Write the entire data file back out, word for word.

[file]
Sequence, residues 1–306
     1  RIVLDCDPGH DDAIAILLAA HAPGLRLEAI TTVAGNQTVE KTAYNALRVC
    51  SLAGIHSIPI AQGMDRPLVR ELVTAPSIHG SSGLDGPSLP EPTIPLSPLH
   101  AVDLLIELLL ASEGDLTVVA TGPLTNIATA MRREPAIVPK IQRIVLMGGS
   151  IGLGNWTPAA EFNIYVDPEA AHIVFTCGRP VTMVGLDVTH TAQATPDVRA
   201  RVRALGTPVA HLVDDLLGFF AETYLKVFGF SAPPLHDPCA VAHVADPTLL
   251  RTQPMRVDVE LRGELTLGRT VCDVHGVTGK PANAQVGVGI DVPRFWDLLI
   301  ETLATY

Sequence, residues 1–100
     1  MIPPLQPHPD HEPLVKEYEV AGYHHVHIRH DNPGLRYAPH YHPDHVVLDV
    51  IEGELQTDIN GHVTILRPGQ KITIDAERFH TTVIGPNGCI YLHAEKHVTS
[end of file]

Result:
Sequence, residues 1–306
     1  RIVLDCDPGH DDAIAILLAA HAPGLRLEAI TTVAGNQTVE KTAYNALRVC
    51  SLAGIHSIPI AQGMDRPLVR ELVTAPSIHG SSGLDGPSLP EPTIPLSPLH
   101  AVDLLIELLL ASEGDLTVVA TGPLTNIATA MRREPAIVPK IQRIVLMGGS
   151  IGLGNWTPAA EFNIYVDPEA AHIVFTCGRP VTMVGLDVTH TAQATPDVRA
   201  RVRALGTPVA HLVDDLLGFF AETYLKVFGF SAPPLHDPCA VAHVADPTLL
   251  RTQPMRVDVE LRGELTLGRT VCDVHGVTGK PANAQVGVGI DVPRFWDLLI
   301  ETLATY

Sequence, residues 1–100
     1  MIPPLQPHPD HEPLVKEYEV AGYHHVHIRH DNPGLRYAPH YHPDHVVLDV
    51  IEGELQTDIN GHVTILRPGQ KITIDAERFH TTVIGPNGCI YLHAEKHVTS